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The problem of security demands closer cooperation among the nations of Europe than has been known to date. Only a more closely integrated economic and political system can provide the greatly increased economic strength needed to maintain both necessary military readiness and respectable living standards.

Europe's enlightened leaders have long been aware of these facts. All the devoted work that has gone into the Schuman Plan, the European Army, and the Strasbourg Conferences has testified to their vision and determination.

The needed unity of Western Europe manifestly cannot be manufactured from without; it can only be created from within.

-President Eisenhower

State of the Union Message

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I

Introduction

As

S A RESULT of the large-scale economic dislocation and destruction brought about by World War II and the necessity of building strength to resist the aggressive nature of Soviet foreign policy, the political leaders of many countries in free Europe have increasingly turned to European integration as an essential means of facilitating the economic recovery of Western Europe and of reorganizing its defenses. They have found that the problems confronting them extend beyond national boundaries and that the resources of individual countries are inadequate for the achievement of real solutions.

The idea of European political integration goes back to the early history of Europe. On various occasions the Continent has been partially but only temporarily integrated through conquest. Political integration within a democratic framework, however, has never before been realized. Most of the integration plans formulated between the fourteenth century and World War I suffered from the fact that they were not sufficiently practical in nature and were advocated largely by people with little or no influence on their governments.

Only after the end of World War I did the weight of economic and military problems begin to exert a real pressure on many political leaders to seek a united Europe for the purpose of averting further wars and promoting economic wellbeing. In the 1920's, for example, both Edouard Herriot and Aristide Briand, as French Prime Minister and Minister of Foreign Affairs respectively, stressed the importance and advantages of economic collaboration in a politically united Europe.

These ideas received a new and powerful stimulus from the experience of World War II. To many Europeans, individual states seemed wholly inadequate to cope with the overwhelming destruction and other problems resulting from the war. Later, the inadequacies of European defenses in the face of Soviet aggressive tendencies inclined them increasingly toward a cooperative solution of their defense problems.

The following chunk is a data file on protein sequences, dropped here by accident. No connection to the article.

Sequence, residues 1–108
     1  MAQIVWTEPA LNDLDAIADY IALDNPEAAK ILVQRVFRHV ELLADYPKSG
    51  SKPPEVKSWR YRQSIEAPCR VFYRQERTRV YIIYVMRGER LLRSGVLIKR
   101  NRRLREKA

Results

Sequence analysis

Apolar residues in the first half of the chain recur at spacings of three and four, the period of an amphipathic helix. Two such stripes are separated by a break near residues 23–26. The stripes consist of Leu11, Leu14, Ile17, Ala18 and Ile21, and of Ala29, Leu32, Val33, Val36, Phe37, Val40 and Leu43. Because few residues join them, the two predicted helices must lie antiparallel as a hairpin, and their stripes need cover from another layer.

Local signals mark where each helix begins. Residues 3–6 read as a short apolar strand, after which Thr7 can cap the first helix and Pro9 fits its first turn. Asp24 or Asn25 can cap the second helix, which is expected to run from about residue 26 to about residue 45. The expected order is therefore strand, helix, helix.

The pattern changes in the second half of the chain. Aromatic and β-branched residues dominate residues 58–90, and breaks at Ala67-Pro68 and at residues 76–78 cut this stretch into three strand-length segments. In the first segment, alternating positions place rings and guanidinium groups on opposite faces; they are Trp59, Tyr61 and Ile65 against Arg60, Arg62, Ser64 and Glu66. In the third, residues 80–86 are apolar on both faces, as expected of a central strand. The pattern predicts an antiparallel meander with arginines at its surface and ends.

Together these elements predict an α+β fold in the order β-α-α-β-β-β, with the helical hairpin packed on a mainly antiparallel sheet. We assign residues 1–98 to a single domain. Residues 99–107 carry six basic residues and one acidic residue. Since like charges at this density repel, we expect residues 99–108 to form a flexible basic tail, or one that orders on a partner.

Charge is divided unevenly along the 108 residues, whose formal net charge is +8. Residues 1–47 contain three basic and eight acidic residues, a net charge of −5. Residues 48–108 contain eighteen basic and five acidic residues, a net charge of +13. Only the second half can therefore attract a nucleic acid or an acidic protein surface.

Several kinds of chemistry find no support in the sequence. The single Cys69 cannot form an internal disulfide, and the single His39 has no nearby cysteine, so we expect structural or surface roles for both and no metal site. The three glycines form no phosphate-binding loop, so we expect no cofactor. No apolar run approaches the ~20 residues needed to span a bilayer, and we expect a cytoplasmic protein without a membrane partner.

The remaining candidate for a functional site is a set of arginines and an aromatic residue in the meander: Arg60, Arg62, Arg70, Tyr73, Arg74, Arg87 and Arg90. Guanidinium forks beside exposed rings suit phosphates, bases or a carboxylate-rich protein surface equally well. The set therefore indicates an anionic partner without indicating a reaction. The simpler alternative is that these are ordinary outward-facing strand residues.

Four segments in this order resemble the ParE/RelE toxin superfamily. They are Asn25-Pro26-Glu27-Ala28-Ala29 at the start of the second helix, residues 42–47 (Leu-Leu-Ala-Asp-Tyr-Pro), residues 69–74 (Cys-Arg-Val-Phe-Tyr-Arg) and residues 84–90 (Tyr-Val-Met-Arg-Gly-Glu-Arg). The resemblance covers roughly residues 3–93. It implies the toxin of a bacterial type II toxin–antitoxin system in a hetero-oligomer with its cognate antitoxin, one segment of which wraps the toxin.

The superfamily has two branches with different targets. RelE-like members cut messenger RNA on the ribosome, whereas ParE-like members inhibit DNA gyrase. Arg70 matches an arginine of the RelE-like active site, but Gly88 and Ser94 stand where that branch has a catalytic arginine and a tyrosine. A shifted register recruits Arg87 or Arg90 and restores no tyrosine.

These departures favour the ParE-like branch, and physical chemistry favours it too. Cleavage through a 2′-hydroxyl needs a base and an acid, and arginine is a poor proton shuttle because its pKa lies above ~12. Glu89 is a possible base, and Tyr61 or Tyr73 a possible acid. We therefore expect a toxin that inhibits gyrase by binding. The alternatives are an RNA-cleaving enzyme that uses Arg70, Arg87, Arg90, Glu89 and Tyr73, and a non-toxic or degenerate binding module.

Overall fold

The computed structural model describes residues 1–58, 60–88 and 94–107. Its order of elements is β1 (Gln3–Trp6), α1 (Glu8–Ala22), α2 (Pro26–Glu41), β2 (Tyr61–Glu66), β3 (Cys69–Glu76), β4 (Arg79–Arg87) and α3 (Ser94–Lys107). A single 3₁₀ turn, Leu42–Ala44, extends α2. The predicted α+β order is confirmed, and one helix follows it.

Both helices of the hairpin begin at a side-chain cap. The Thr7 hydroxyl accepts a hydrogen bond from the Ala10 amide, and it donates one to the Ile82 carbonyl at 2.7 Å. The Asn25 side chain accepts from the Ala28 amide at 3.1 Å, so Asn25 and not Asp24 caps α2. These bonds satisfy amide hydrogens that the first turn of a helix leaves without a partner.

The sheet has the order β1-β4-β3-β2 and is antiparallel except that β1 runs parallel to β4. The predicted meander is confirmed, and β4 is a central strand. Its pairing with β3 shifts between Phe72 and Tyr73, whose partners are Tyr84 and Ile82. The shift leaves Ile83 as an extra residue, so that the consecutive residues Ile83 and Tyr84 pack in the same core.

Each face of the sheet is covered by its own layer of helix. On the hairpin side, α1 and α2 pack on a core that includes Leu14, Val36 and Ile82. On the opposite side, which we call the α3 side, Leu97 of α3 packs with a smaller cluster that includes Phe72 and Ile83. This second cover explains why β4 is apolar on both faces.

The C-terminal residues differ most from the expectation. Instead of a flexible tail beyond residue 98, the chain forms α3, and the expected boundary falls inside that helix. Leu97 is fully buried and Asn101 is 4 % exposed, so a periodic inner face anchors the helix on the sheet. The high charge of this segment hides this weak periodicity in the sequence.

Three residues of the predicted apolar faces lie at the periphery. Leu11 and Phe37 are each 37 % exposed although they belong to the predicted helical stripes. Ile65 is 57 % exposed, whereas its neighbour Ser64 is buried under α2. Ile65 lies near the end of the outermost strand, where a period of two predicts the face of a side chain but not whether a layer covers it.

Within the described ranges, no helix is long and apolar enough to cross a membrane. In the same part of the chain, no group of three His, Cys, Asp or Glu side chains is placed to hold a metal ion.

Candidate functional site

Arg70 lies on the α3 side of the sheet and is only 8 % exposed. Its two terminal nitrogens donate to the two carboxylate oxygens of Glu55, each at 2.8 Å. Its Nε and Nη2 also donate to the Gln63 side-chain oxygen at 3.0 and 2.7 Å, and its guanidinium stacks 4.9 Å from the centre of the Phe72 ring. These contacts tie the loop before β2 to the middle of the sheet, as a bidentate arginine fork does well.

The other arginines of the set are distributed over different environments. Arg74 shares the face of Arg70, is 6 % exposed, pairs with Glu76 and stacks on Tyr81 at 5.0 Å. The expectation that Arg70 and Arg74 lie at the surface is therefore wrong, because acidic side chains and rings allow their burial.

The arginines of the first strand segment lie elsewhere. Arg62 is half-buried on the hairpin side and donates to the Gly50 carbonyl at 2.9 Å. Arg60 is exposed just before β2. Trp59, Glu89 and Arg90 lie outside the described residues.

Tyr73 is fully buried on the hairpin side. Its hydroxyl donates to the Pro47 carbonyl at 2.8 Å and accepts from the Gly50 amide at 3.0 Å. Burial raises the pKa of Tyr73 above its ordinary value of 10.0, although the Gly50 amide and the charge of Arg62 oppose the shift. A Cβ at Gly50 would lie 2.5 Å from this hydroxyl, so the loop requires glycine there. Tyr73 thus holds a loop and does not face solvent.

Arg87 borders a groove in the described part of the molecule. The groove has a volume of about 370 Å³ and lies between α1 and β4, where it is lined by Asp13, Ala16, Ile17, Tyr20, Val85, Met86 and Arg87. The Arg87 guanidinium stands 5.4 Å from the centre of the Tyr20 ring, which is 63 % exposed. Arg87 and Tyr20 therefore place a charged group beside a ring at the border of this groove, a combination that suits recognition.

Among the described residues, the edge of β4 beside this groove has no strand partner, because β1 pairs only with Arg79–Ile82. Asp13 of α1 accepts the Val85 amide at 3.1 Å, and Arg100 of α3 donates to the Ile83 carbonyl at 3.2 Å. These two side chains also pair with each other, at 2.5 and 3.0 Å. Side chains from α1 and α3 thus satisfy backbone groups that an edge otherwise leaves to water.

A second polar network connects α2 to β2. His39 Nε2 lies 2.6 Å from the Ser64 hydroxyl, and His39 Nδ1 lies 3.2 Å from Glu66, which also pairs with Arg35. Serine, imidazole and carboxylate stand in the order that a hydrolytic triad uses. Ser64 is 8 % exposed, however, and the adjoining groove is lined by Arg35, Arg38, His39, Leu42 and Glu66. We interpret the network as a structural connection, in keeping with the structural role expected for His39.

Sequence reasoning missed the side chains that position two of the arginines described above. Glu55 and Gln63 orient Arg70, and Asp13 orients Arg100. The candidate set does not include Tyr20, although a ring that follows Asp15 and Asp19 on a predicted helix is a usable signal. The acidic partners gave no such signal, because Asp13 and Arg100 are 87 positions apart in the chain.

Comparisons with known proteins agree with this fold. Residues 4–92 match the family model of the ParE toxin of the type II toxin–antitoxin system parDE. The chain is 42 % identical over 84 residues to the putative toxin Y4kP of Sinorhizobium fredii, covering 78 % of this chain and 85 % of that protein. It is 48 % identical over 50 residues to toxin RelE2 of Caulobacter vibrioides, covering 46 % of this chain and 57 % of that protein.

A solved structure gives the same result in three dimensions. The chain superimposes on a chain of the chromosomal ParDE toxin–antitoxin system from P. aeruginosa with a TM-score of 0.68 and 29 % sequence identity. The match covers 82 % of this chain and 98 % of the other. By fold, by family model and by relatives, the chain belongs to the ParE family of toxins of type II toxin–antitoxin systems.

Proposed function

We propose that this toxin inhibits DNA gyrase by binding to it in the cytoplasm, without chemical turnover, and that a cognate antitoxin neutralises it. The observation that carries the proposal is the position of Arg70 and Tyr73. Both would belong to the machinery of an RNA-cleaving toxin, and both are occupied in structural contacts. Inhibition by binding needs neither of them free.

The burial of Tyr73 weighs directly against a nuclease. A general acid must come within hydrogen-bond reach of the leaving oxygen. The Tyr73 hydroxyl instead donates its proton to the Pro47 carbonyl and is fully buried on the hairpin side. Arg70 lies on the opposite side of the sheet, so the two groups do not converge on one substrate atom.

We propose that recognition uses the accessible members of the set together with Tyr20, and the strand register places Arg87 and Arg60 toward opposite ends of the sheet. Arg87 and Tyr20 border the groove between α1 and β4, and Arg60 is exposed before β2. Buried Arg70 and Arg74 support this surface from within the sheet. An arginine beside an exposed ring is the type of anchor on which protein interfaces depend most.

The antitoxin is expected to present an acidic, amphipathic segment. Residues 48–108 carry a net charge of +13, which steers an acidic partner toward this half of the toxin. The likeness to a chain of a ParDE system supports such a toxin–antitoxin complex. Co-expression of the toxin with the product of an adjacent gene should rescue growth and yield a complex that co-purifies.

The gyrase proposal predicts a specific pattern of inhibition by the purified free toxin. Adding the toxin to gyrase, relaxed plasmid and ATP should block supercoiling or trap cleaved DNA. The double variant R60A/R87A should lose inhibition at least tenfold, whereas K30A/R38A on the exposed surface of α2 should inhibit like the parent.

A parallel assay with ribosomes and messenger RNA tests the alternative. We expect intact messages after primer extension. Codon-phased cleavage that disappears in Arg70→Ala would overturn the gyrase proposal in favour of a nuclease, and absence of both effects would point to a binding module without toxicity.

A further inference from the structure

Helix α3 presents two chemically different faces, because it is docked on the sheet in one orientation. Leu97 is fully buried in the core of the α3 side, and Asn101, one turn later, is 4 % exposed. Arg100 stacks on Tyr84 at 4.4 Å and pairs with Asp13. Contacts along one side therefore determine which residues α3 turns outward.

Under the stimulus of these needs a number of progressively bolder steps have been taken since the end of World War II to achieve unity and cooperation in solving Europe's problems. In 1947 Belgium, Luxembourg, and the Netherlands agreed to

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take steps toward the formation of an economic union. In March 1948 Belgium, the Netherlands, Luxembourg, Great Britain, and France signed the Brussels Pact, which provides for collective self-defense and intergovernmental cooperation in economic, social, and cultural matters. A month later, in April 1948, the European countries participating in the Marshall Plan formed the Organization for European Economic Cooperation (OEEC), which has actively promoted European recovery and economic cooperation among its members. With the signature of the North Atlantic Treaty in April 1949, the principle of a unified effort, particularly for collective security, was extended to the whole North Atlantic community. As organized cooperation among governments increased, popular and parliamentary pressure for an organization which would represent not only governments but also the people and parliaments of the member countries grew. In response to this pressure, the Council of Europe was formed in May 1949.

As the cooperative efforts to resolve Europe's problems moved forward, it became clear that all the countries concerned did not approach the problem of unified action from the same viewpoint. Certain countries, primarily Britain and the Scandinavian countries, considered that unified efforts should be carried out through intergovernmental cooperation, as in OEEC. They pointed to the success of such intergovernmental efforts as the European Payments Union and the trade liberalization program of the OEEC. However, others, particularly the French, Germans, and Italians, believed that the countries should move toward closer integration which would involve a genuine unification of individual economies and relinquishment of portions of national authority to organs superior to individual national governments. When the British and Scandinavians found they could not accept this approach, the federalist countries decided that it would be possible for them to move toward actual unification, even if perhaps only on a limited or functional basis.

In May 1950, French Foreign Minister Robert Schuman made a bold proposal—that France and Germany, together with any other European countries, pool their coal and steel resources under a supranational authority. On April 18, 1951, six countries—France, Germany, Italy, Belgium, the Netherlands, and Luxembourg-signed the Schuman Plan treaty providing for a single market for coal and steel. With the

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